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UTCT Hosts First North American ToScA Symposium

Keynote speaker Larry Witmer (Ohio University) gave a talk on how radiographic contrast enhancement of birds and reptiles can help better understand dinosaur biology.

For the past 20 years, The University of Texas at Austin’s High-Resolution X-ray Computed Tomography Facility, or UTCT, has been hard at work in the Jackson School of Geosciences, giving researchers a nondestructive look inside specimens ranging from dinosaur eggs, to ancient meteorites, to 3-D printed materials.

On June 6-June 8, 2017, the far-reaching research facilitated by UTCT and other CT-scanning facilities was on display at the Jackson School for the first North American meeting of ToScA, the Tomography for Scientific Advancement Symposium. Hosted by UTCT and the Jackson School, and managed by the Royal Microscopical Society, symposium attendees came from 31 different academic institutions and companies, all united by a common use of CT scanning as an investigative tool.

A collection of skulls from horned lizards scanned by the UTCT.

Farah Ahmed, the head of imaging and analysis at the Natural History Museum London and ToScA founder, suggested the Jackson School of Geosciences as the site of the first North American meeting because of its expertise and notoriety, said UTCT research scientist associate and facility manager Jessie Maisano, who co-chaired the meeting with Ahmed.

“She approached us because we’ve been doing this for 20 years, and we were the first academic research lab in the United States to provide this kind of technology to academic researchers, as far as we know,” Maisano said. “So it was a logical starting place to have the first meeting.”

Annual ToScA symposiums have been held in the United Kingdom since 2013.

Ahmed said that the broad attendance of the symposium—which included engineers, biologists, material scientists, and even an artist—is a sign of success.

“My vision for ToScA in the U.S. has been fulfilled because it brought together different scientific disciplines,” Ahmed said. “That fulfilled what we set out to do.”

The program included lectures on scanning and analysis techniques, as well as on how the technology was being applied in different scientific areas, including geology, materials science, and medical and biological science. In addition to lecture sessions, the symposium included a poster session, and two pre-conference workshops on using software to analyze and visualize CT data. There were no concurrent talks, a meeting design that promotes cross-disciplinary learning among attendees, Maisano said.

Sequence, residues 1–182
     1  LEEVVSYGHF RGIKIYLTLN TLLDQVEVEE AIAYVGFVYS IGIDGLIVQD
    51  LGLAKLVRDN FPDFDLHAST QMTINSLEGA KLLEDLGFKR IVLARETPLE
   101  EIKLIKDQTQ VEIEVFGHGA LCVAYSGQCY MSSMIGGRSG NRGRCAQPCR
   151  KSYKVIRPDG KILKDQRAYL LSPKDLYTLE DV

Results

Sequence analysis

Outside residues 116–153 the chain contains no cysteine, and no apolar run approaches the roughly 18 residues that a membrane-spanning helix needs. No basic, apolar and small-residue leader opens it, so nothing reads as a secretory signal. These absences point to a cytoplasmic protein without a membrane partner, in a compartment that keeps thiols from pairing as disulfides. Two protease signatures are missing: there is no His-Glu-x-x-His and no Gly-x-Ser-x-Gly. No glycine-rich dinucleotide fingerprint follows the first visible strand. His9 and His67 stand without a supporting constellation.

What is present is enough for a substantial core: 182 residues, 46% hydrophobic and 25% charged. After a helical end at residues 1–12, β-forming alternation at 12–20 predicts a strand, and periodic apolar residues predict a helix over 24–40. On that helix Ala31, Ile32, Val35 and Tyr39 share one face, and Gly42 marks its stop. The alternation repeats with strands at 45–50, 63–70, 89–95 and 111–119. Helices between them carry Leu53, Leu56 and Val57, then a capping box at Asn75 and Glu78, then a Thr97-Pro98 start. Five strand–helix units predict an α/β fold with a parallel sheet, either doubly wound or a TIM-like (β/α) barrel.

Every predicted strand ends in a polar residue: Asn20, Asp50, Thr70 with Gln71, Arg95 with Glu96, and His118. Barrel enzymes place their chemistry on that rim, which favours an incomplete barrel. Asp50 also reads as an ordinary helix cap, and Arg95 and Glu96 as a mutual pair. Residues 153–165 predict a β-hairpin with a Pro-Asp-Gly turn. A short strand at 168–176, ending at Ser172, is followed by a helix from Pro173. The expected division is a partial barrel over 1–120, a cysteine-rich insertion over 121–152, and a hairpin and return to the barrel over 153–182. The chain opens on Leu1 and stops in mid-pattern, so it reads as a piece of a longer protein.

“I as a vertebrate paleontologist, have to listen to the material scientist, and they have to listen to the geological scientist,” Maisano said. “And having industry be a part of it, they get to interact with potential clients and learn what we need from the hardware and the software that they produce.”

Andria Salas, a UT graduate student studying how fish may be able to detect sound waves through their swim bladders, said that the symposium’s focus on CT technology, rather than a specific scientific discipline, was a unique experience.

“I’ve never been to a conference before where there are so many different questions being asked that are centered on the method being used,” Salas said.

ToScA attendees enjoying 3-D rocks courtesy of Erika Blumenfeld (NASA).

The UTCT lab got its first CT scanner in 1997. Before that, researchers had to rely on military or medical contacts to scan specimens in machines that weren’t specifically designed for diverse specimens, said UTCT Director Richard Ketcham. By scanning specimens for all sorts of research ends, the UTCT lab has developed a broad expertise on how to most effectively scan different materials, as well as developed relationships with scientists across disciplines.

The applications of CT scanning are only continuing to grow, Maisano said. Its nondestructive nature makes it the ideal technique for studying rare and delicate specimens, as well as the intricate inner workings of materials. That’s why it was used to scan Lucy, possibly the world’s most famous fossil, and the Apollo moon rocks, and why it’s being used to reveal the internal structure of biological specimens and 3-D printed materials alike.

Maisano said that the symposium was a great opportunity to spread knowledge and expertise, and that it benefited from having so many CT-scanning experts as part of the Jackson School community.

“The program has been amazingly strong, especially for a first meeting, by virtue of the fact that our keynotes are from here, or have been clients of ours from day one,” Maisano said. “We have people who have been doing this the longest and have the most experience with it.”